Handheld, Fixed or Robotic Readers?

By Mark Roberti

The retail industry ponders the most efficient way to collect RFID inventory data.

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In the early days of radio frequency identification, most people believed the technology would be used to take humans out of the loop—that is, fixed readers would capture information on tagged products or assets without any worker involvement. But retailers found that handheld readers offered a relatively easy and inexpensive way to collect inventory data. Now, overhead readers and new robotic systems are offering other ways to collect data. Here are the pros and cons of the three RFID reader options for retailers.

Handheld Readers
Handhelds are relatively inexpensive compared with fixed readers, which require an Ethernet connection and electric power if power is not supplied via the Ethernet cable. That means wiring and potentially interrupting store operations. Depending on reader type and store size, dozens of fixed readers could be required. Store associates could cover the same ground with one or two handhelds.

Illustration: iStockphoto

The downside of handheld readers is they require labor—companies must pay people to walk around and take inventory. Another problem is workers don't always follow procedures. When a store gets busy, workers may not have time to conduct cycle counts, so items may not be replenished in a timely manner and inventory may not be consistently accurate. In very large stores, it is particularly difficult to manage workers taking inventory with handhelds.

Fixed Overhead and Portal Readers
The first RFID deployments in retail stores depended on fixed readers—mainly, portals were installed at receiving bays, and between the back of the store, where inventory was kept, and the sales floor. In the past few years, Mojix, Impinj and other RFID hardware companies have introduced overhead readers, which can monitor inventory in real time and provide location information, usually to within a few feet. With real-time inventory, retailers can always know what merchandise is on the sales floor and where. In addition, they can use kiosks to let customers search for products and locate those items on a store map.

But, as mentioned above, fixed readers can be expensive to buy and install, because they require cables for Ethernet connections and power. In addition, they need cabling to run to antennas. Fixed readers also can detract from a store's décor, though some overhead readers can be installed in ceilings and vendors have introduced slim-line antennas that are less obtrusive.

Robotic RFID Systems
Robots are the newest option for retailers seeking to capture inventory data. Tesco announced in June that it is trialing an indoor robotics mapping and analytics system in the fashion departments of five of its U.K. stores. The solution is from Silicon Valley company RFspot, which reports that six other retailers globally are carrying out similar pilots.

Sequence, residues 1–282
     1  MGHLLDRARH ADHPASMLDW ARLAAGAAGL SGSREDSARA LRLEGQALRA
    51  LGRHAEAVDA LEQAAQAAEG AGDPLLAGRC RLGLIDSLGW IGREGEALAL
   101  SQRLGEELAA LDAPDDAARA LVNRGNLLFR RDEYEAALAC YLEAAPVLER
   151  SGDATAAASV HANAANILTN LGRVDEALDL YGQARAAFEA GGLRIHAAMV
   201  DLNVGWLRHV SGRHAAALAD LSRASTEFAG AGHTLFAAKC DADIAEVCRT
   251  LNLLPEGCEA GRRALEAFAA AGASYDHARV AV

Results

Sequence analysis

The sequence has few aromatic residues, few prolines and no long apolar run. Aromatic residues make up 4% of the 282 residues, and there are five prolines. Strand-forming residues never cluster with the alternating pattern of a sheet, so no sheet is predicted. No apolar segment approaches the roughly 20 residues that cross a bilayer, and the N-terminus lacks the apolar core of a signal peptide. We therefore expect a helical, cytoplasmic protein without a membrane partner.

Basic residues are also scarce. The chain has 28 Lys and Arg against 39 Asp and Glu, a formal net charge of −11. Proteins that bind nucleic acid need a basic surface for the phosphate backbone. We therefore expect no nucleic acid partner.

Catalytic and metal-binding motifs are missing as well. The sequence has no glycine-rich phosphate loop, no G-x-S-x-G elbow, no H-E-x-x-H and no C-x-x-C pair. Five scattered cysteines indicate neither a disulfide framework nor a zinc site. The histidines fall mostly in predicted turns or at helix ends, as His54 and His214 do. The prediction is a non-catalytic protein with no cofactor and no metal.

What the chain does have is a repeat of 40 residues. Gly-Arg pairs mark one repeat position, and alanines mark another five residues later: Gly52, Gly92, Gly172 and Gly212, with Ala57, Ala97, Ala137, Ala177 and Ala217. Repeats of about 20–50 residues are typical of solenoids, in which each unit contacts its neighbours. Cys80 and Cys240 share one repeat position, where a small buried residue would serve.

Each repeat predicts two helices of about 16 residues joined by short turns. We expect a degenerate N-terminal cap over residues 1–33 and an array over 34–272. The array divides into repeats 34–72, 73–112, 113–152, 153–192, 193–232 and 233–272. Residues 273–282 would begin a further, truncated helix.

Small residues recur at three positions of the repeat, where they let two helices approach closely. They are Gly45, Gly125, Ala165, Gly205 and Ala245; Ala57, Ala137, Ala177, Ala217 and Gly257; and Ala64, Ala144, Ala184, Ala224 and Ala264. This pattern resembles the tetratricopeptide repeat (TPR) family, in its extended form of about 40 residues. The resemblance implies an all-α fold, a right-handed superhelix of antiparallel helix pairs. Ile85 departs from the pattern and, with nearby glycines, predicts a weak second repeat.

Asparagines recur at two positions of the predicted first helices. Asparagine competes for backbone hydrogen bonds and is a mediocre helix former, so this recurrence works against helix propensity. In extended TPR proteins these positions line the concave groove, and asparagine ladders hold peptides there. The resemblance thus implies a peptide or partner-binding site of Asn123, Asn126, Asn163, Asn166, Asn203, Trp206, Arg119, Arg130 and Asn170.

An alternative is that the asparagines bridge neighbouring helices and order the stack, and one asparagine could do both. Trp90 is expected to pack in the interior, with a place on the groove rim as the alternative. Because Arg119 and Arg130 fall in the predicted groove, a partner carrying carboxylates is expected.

The RFspot robots roam through each store's clothing department. Onboard RFID readers perform inventory counts by reading each garment's passive ultrahigh-frequency EPC Gen 2 tag, much the way an employee would with a handheld. The RFspot robot is fitted with multiple antenna arrays to enable tags to be read from six inches to 12 feet above the floor. RFspot says the robot is seven times faster than a human using a handheld.

While robots have some clear advantages over store associates when it comes to conducting inventory, they also have some disadvantages. One is cost. Another is having a clunky machine roaming the aisles while people are shopping. Some retailers might prefer to use robots at night, when stores are closed. This would mean updating inventory only after hours or having employees take inventory during working hours. Also, the inventory accuracy of robotic data collection is not yet clear. Tesco and others are aiming to determine more about these factors from the robotics trial.

Retailers deploying RFID systems have been debating which approach will win out. Long-term, RFID Journal believes a fixed RFID infrastructure will likely become an integral part of store systems, hidden from view but constantly monitoring inventory in real time. Lower infrastructure costs, the ability to add readers during renovations or new construction, and improvements in the technology will all contribute to this trend.

But during the next five years, and perhaps much longer, retailers will use handhelds and robotic solutions. Handhelds are a good option for smaller stores, where a single associate can update inventory once or twice a day in less than an hour. The cost of paying a store associate for an hour will likely remain lower than the cost of setting up a fixed infrastructure.

In larger stores, with tens of thousands of tagged items, handhelds will consume too much time and labor to be practical. Retailers will opt for robots or fixed infrastructure, or perhaps a combination of the two. They might use overhead fixed readers to continuously monitor areas of the store that generate the most profit, while using robots to inventory other areas each evening.

The bottom line is that today there is no one right choice for all retailers. Each company should explore all three options and determine which will be most cost-effective, while considering the best long-term data-capture strategy to meet its needs.